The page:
(8) TODAY’S BIRTHDAYS.
[Compiled by Cat Eldridge.]
Born July 11, 1899 — E. B. White. Author of Charlotte’s Web and Stuart Little, both of which are surely genre. Along with William Strunk Jr., he is the co-author of the The Elements of Style English language style guide. (Died 1985.)
Born July 11, 1913 — Cordwainer Smith. Pen name of Paul Myron Anthony Linebarger. Most of his fiction was set in The Instrumentality of Mankind series which I know I read once upon a time in fragments. The usual suspects are well stocked with his novels and short stories including Scanners Live in Vain, a most excellent novella. (Died 1966.)
Born July 11, 1920 — Yul Brynner. The Gunslinger in Westworld and its sequel Futureword. He would also play Carson, a human warrior in the post-apocalyptic The Ultimate Warrior. Are we considering The King and I genre or even genre adjacent? If we are, he played King Mongkut in the short-lived Anna and the King TV series as well. (Died 1985.)
Born July 11, 1925 — David Graham, 96. The voice of Daleks in the early years of Doctor Who including two non-canon films, Dr. Who and the Daleks and Daleks’ Invasion Earth 2150 A.D.; his voice work made him a sought after worker and he’d be used on Thunderbirds, Asterix & Obelix Take On Caesar, Timeslip, Moomin, Stingray and even the recent Thunderbirds Are Go. And yes, he’s still doing voice work as his last genre work was for the Nebula-75 series just last year.
Born July 11, 1950 — Bruce McGill, 71. His first role was as Director Eugene Matuzak in Time Cop. He later got one-offs in Quantum Leap (twice), Babylon 5, Voyager and Tales from the Crypt. He’s in the television remake of The Man Who Fell to Earth as Vernon Gage. If MacGyver counts as genre, he has the recurring role of Jack Dalton.
Born July 11, 1956 — Amitav Ghosh, 65. Author of the absolutely brilliant The Calcutta Chromosome: A Novel of Fevers, Delirium and Discovery which won the Arthur C. Clarke Award. Really just go read it and we’ll discuss it over a cup of chai masala. His newest work is about the medieval Bengali tale about the forest (Sundarbans) goddess, Bon Bibi.
Born July 11, 1958 — Alan Gutierrez, 63. An artist and illustrator, specializing in SF and fantasy cover art. His first professional sale was to the now defunct semi-professional Fantasy Book in 1983. He then began producing work for Baen Books, Tor Books,Pequod Press and other publishers. He has also painted covers for Analog magazine, Aboriginal Science Fiction, Asimov’s Science Fiction, and other SF magazines. He’s been nominated for five Asimov’s Readers Awards and two Analog Awards as well.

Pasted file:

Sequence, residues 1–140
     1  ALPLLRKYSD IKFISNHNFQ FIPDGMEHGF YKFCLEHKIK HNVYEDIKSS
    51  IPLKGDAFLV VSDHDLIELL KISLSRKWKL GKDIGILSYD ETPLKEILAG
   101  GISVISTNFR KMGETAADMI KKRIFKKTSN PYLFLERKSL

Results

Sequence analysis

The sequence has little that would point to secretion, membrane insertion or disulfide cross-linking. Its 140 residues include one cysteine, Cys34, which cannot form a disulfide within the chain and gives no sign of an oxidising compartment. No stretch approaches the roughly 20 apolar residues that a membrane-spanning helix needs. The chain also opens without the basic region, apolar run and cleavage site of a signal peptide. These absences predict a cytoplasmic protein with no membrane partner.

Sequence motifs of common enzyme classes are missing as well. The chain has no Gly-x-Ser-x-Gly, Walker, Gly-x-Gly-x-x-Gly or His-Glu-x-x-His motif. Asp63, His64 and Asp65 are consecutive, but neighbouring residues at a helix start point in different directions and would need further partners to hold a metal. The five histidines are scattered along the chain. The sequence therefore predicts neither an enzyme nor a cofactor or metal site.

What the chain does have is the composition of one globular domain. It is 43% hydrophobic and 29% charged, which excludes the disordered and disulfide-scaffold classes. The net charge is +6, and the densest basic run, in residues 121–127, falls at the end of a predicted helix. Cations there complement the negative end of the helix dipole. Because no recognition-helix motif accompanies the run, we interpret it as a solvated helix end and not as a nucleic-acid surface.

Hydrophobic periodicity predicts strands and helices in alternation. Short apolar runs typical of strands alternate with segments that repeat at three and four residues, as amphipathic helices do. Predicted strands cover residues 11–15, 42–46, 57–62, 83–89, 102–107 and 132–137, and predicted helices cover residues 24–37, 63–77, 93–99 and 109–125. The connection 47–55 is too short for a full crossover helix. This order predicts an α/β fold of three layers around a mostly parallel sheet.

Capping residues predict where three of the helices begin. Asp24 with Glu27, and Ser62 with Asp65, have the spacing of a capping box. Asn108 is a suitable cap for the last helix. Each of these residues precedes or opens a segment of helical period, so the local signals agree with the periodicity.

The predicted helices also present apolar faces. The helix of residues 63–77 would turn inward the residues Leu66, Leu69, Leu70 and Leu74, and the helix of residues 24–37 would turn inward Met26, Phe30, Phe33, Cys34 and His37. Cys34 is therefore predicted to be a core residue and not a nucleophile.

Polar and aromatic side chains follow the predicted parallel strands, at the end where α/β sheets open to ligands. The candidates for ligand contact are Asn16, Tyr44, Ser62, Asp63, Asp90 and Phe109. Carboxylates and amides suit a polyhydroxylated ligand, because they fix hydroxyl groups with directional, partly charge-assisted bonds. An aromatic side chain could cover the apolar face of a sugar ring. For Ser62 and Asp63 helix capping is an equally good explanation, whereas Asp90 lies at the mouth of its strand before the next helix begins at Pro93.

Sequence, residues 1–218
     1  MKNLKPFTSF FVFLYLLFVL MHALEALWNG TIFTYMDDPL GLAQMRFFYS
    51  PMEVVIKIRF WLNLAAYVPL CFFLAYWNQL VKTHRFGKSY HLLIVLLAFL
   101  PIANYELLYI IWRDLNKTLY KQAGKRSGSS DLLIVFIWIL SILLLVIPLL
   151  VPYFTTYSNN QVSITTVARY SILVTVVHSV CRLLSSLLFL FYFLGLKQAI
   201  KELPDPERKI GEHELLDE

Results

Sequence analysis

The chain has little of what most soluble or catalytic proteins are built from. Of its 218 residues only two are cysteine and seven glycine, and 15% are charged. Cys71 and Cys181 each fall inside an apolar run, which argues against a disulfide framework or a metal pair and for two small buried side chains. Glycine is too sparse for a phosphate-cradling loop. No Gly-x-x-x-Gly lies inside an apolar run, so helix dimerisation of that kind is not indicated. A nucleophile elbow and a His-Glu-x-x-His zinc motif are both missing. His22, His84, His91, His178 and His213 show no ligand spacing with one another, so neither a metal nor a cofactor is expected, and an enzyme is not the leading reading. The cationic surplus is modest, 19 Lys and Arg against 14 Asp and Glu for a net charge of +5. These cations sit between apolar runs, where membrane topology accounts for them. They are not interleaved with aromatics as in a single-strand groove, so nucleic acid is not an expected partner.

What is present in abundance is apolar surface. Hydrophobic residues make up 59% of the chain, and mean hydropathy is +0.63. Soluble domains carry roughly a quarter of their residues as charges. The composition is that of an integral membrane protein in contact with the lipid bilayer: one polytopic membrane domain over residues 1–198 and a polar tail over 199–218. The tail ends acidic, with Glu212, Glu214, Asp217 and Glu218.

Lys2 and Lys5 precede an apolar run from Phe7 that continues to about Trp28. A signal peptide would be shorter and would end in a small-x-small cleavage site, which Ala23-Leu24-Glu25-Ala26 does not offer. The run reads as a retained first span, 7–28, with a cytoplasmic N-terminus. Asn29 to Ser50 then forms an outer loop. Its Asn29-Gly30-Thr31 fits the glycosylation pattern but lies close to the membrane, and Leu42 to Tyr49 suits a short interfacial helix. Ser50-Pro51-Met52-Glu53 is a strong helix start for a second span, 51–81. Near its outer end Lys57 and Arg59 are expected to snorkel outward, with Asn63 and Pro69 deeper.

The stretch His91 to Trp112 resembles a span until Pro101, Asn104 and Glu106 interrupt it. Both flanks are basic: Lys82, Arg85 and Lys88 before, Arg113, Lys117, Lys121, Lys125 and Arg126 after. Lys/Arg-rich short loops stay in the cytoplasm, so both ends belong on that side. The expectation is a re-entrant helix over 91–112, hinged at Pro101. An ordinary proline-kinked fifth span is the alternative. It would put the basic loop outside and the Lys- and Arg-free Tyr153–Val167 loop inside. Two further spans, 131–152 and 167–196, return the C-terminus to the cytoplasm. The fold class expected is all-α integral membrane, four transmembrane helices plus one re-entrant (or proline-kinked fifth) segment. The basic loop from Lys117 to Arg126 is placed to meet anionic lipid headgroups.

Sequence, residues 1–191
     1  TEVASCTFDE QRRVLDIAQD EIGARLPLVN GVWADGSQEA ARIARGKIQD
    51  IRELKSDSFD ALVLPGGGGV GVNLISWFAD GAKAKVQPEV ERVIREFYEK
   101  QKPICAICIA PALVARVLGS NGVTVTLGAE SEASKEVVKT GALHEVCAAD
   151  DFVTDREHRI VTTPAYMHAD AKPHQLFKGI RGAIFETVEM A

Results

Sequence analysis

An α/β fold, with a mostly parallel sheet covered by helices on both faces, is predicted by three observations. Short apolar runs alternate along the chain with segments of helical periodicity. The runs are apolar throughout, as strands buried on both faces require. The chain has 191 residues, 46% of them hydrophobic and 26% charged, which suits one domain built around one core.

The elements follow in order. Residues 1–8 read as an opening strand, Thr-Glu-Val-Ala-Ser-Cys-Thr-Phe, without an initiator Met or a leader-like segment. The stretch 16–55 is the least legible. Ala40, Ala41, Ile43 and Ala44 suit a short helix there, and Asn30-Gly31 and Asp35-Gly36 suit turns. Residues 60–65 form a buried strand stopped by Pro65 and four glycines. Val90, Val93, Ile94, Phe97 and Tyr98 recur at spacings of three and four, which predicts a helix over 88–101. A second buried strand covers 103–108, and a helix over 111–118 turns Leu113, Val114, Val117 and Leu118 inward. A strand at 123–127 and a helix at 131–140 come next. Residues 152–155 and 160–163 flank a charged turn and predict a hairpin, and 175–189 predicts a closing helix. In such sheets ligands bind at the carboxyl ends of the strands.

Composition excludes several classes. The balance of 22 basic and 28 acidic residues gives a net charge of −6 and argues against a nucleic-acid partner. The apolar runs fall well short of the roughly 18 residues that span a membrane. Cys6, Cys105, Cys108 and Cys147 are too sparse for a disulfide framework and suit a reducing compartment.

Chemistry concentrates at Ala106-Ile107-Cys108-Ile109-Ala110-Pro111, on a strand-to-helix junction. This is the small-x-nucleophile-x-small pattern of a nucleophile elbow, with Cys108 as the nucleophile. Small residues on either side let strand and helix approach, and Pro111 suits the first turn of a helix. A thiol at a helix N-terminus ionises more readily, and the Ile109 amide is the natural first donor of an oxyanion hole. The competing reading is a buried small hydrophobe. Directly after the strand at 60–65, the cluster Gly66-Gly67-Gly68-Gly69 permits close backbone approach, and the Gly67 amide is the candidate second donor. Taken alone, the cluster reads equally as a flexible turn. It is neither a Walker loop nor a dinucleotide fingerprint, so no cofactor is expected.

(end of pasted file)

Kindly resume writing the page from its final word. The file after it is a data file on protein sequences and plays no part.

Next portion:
Born July 11, 1984 — Serinda Swan, 37. She first graces our corner of the multiverse in Percy Jackson & the Olympians: The Lightning Thief as Aphrodite. Later on she’s in Tron: Legacy as Siren #2. Currently she’s Medusa in The Inhumans. She’s got one-offs in Supernatural, Smallville and The Tomorrow People.
(9) PUT TO THE TEST. DUST’s new sci-fi short film release is “Intelligentia”.
Lisa receives a butler A.I. to Turing test, and over the course of the procedure, she discovers the A.I. is not what it seems and her entire world disrupted.
(10) FLIGHT TO THE EDGE OF SPACE. The 70-year-old British billionaire and crew members of Virgin Galactic launched the commercial space plane Unity from New Mexico, reached the edge of space and landed safely back at the spaceport on Sunday. The New York Times posted “Highlights From Richard Branson’s Virgin Galactic Flight”.
…The rocket plane, a type called SpaceShipTwo, is about the size of an executive jet. In addition to the two pilots, there can be up to four people in the cabin. The particular SpaceShipTwo that flew on Sunday is named V.S.S. Unity.
To get off the ground, Unity was carried by a larger plane to an altitude of about 50,000 feet. There, Unity was released, and the rocket plane’s motor ignited. The acceleration made people on board feel a force up to 3.5 times their normal weight on the way to an altitude of more than 50 miles.
At the top of the arc, those on board were able to see the blackness of space as well as the curve of Earth from the plane’s windows. They also got out of their seats and experienced about four minutes of apparent weightlessness. Fifty miles up, Earth’s downward gravitational pull is essentially just as strong as it is on the ground; rather, the passengers were falling at the same pace as the plane around them.
The two tail booms at the back of the space plane then rotated up to a “feathered” configuration that created more drag and stability, allowing the plane to re-enter Earth’s atmosphere more gently. This configuration SpaceShipTwo like a badminton shuttlecock, which always falls with the pointy side oriented down, than a plane.
Still, the forces felt by the passengers on the way down were greater than on the way up, reaching six times the force of gravity.
Branson gets all the attention – but who piloted the mission and were the other crew members?
The pilots are David Mackay and Michael Masucci….
In addition to Mr. Branson, three Virgin Galactic employees joined the flight to evaluate how the experience will be for future paying customers. They were Beth Moses, the chief astronaut instructor; Colin Bennett, lead operations engineer; and Sirisha Bandla, vice president of government affairs and research operations.